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NCJRS Abstract

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NCJ Number: 181880 Find in a Library
Title: Competence and Judgment in Serious Juvenile Offenders: Executive Summary
Author(s): Janet I. Warren; Frances Lexcen
Date Published: 1999
Page Count: 9
Sponsoring Agency: Juvenile Justice Clearinghouse/NCJRS
Rockville, MD 20849
NCJRS Photocopy Services
Rockville, MD 20849-6000
Office of Juvenile Justice and Delinquency Prevention
Washington, DC 20531
Grant Number: 97-JN-FX-0018
Sale Source: NCJRS Photocopy Services
Box 6000
Rockville, MD 20849-6000
United States of America

Juvenile Justice Clearinghouse/NCJRS
P.O. Box 6000
Rockville, MD 20849
United States of America
Document: PDF
Type: Report (Study/Research)
Format: Document
Language: English
Country: United States of America
Annotation: This study examined how juveniles compare to adults on state-of-the-art assessments of competence-related abilities that are increasingly used with adult defendants, how the development of decisionmaking capacity and judgment may differentially impact a juvenile's competence-related abilities compared to adults, and the ways in which psychopathology affects juveniles' competence-related abilities.
Abstract: For Part I, data were collected from 102 males aged 15 and younger, 103 males aged 16 and 17, and 115 males ages 19 to 35. Participants were selected for inclusion based on their gender, age, and pretrial detention status. Measures of adjudicative competence, noncontextual judgment factors, and context-specific judgment factors were administered in interview format. In Part I, the data supported hypotheses that claimed scores on nonlegal context and context-specific judgment factors would change across age, and they would be related to decision making process and outcomes in the legally relevant vignettes. The two juvenile samples were significantly different from adults on several noncontextual and contextual measures of judgment, although the patterns varied depending on the specific factors considered. Some expected age differences were also found when reporting the possible consequences of decisions in the two vignettes. Further, demographics, adjudicative competence, and noncontextual and context-specific judgment factors all played some role in predicting respondents' decisions in the hypothetical vignettes. The study of competence in psychiatric inpatients in Part II of this study offers suggestions about psychopathology and competence. Results show that subjects with learning disorders or behavior disorders are likely to have lower IQ's than other adolescents with psychopathology. These data underscore the importance of using both competence and judgment in evaluations of decision making in legally relevant contexts. Continued research on issues of competence and judgment will provide a foundation for designing interventions to improve both adolescents' abilities to negotiate the legal system and the system's response to the particular needs of adolescent offenders.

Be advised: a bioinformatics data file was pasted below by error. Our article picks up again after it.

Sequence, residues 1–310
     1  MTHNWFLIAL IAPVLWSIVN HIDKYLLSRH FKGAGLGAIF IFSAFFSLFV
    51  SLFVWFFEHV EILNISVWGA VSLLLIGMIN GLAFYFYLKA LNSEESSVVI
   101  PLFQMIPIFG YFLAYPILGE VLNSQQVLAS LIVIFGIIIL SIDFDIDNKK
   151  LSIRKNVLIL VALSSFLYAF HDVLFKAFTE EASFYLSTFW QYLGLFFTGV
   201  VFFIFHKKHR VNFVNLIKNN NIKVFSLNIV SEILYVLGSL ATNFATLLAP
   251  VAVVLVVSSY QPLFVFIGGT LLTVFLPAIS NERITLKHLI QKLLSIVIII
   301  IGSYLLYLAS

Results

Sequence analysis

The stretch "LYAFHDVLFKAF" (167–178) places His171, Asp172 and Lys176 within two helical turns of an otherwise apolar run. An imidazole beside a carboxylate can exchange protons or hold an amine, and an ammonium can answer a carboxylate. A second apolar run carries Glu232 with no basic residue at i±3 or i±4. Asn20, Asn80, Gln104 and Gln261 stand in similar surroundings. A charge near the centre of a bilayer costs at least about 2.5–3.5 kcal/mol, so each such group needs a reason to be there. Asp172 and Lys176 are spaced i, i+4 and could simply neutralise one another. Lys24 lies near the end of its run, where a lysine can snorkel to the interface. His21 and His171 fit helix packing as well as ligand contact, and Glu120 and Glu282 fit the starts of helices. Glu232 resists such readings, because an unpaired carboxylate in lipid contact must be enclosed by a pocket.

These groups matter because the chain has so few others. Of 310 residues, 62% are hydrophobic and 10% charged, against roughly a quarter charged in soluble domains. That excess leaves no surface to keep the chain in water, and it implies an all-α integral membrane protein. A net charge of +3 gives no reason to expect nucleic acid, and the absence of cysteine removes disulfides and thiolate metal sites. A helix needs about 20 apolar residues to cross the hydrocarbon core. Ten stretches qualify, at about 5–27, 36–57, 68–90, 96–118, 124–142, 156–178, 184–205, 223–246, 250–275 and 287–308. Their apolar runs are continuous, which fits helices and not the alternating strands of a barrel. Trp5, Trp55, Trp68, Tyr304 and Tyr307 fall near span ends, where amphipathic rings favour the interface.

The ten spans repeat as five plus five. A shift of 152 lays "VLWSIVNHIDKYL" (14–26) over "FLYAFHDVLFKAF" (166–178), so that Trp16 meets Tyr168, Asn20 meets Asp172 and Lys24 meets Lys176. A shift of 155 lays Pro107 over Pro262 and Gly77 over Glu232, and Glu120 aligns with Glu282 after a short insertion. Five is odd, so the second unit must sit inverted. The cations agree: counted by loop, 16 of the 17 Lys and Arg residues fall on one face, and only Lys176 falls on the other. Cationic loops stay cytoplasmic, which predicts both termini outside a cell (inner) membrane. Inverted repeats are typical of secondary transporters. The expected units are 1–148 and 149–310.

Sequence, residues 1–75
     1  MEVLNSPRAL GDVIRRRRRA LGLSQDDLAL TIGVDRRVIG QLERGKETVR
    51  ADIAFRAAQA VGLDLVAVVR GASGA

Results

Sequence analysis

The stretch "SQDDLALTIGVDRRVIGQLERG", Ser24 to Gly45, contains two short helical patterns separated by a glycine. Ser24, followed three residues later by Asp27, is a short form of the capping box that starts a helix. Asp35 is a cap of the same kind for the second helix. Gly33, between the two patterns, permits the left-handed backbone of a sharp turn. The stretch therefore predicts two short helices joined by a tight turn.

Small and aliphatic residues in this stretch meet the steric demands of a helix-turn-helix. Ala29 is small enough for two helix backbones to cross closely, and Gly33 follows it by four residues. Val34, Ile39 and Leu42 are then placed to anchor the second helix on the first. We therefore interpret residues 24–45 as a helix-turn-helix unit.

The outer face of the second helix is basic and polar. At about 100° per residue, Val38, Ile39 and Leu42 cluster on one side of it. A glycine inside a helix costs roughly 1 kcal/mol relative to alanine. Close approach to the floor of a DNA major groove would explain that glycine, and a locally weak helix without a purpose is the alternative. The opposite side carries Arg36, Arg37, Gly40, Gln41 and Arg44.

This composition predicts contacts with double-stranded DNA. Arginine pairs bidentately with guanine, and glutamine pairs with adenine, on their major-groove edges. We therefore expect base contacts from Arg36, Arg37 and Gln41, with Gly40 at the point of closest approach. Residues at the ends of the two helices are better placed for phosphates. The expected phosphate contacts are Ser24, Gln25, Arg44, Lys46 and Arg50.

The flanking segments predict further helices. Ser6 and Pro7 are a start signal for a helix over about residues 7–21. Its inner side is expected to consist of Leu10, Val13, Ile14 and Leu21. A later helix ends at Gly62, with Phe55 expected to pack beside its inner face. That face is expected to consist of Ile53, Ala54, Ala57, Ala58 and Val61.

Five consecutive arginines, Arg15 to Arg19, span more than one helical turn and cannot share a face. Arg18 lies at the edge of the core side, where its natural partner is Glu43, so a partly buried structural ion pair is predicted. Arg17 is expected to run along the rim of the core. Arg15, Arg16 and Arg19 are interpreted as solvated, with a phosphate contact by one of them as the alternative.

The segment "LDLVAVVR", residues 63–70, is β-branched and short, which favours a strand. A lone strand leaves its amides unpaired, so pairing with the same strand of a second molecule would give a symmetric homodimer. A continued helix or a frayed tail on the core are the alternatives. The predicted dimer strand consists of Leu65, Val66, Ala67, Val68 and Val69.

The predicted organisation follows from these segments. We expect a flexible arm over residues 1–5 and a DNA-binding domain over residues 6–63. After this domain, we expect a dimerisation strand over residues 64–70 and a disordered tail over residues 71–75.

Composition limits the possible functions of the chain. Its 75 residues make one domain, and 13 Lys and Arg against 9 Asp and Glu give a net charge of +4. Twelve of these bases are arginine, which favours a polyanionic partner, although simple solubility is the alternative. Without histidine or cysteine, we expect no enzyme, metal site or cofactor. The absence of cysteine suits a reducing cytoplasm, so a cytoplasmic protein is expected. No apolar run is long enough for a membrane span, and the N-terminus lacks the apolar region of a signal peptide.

Main Term(s): Juvenile processing
Index Term(s): Age group comparisons; Competency to stand trial; Decisionmaking; OJJDP grant-related documents; Psychological evaluation; Serious juvenile offenders
Note: See NCJ 181881 for Part I, and NCJ 181882 for Part II.
To cite this abstract, use the following link:
http://www.ncjrs.gov/App/publications/abstract.aspx?ID=181880

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